APPARENTLY there are people on the planet who actually think you can serve turkey without potatoes. These are the same traitors who would trot out a cheesecake instead of a pumpkin pie. Traditions are traditions, and potatoes are not just an essential ingredient. You have to have them twice in the same meal.

The ultimate relish: fresh, fast, flavorful
For real cranberry zing, nothing beats this irresistibly easy and delicious recipe

And the rest is...
THERE are few foods on the holiday table that carry the mystique of gravy. At its most basic level, it's nothing more than a paste of flour and fat thinned with turkey stock, yet it somehow has the capacity to strike fear in otherwise brave-hearted cooks.

You really can't go wrong
There are great wines for every Thanksgiving dinner, potlucks included. Match the mood, and guests will forgive the driest of turkeys.

It all starts with the dessert
It's the day serious cooks have been waiting for all year. What better way to begin it than with the aromas of apple and pumpkin pie?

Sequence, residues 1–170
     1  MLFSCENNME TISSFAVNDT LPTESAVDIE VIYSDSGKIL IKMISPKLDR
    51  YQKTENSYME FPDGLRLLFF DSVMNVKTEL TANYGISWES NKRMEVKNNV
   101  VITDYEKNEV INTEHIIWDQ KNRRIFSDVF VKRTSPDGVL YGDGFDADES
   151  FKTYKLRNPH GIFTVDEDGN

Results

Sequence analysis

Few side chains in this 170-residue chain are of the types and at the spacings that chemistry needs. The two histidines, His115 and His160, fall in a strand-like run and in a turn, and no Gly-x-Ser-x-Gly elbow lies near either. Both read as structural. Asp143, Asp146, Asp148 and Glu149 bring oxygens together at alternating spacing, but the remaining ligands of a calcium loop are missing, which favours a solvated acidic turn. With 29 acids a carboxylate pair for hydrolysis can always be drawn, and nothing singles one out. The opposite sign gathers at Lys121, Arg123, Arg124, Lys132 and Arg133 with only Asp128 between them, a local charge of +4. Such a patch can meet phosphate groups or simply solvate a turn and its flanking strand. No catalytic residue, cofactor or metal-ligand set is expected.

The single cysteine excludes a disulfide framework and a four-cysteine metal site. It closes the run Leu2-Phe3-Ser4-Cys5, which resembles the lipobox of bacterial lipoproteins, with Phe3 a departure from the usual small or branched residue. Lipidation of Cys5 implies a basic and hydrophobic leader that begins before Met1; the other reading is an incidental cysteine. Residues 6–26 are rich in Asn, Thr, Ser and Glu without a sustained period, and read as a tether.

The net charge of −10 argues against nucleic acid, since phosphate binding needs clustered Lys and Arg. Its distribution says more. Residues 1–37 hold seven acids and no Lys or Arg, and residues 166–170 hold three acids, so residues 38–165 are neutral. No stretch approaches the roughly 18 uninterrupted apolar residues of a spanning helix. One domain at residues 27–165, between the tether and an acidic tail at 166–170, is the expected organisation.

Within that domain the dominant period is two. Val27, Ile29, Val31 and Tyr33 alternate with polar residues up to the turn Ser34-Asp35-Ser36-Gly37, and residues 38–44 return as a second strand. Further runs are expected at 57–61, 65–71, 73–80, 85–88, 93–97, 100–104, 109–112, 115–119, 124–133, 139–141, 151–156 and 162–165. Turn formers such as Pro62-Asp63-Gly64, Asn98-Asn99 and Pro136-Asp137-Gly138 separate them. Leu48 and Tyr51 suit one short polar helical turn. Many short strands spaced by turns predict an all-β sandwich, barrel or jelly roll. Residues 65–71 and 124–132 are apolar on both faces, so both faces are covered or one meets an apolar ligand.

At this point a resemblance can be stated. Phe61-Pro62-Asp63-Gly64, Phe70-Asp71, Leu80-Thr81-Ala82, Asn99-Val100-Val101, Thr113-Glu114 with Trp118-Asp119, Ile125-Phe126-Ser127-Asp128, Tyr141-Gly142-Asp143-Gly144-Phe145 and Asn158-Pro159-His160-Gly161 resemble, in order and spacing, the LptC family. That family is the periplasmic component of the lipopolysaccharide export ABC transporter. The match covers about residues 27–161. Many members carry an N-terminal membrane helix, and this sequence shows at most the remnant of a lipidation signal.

The tool: enamel roaster

The tool: fat separator

The tool: masher

The tool: rolling pin

Wednesday, November 16, 2005 

NY Times Does Thanksgiving

This week, many newspaper food and dining sections will focus on Thanksgiving meals. Over the next few days we'll puruse them one at a time and bring you links to the stories in each section.

First up, the New York Times:

What to Make First? A Plan
The best way to avoid spending Thanksgiving locked away in the kitchen is by preparing a week before..

The Pilgrims Didn't Brine
When preparing a Thanksgiving turkey, sometimes less is much more.

Countdown to the Main Event
If you want a heritage, organic or fresh turkey and have not ordered one, do so today.

Taking a Side? Have It Ready at 'Hello'
You've got to figure that at least three-quarters of us travel to the homes of others for Thanksgiving. So why does turkey get so much attention when it's only the hosts who have to prepare it?

The Turkey That Stopped in Haiti on Its Way to Dinner
Rafael Mateo is a man of many flavors. By day he is a teacher, with a flock of seventh and eighth graders in East Harlem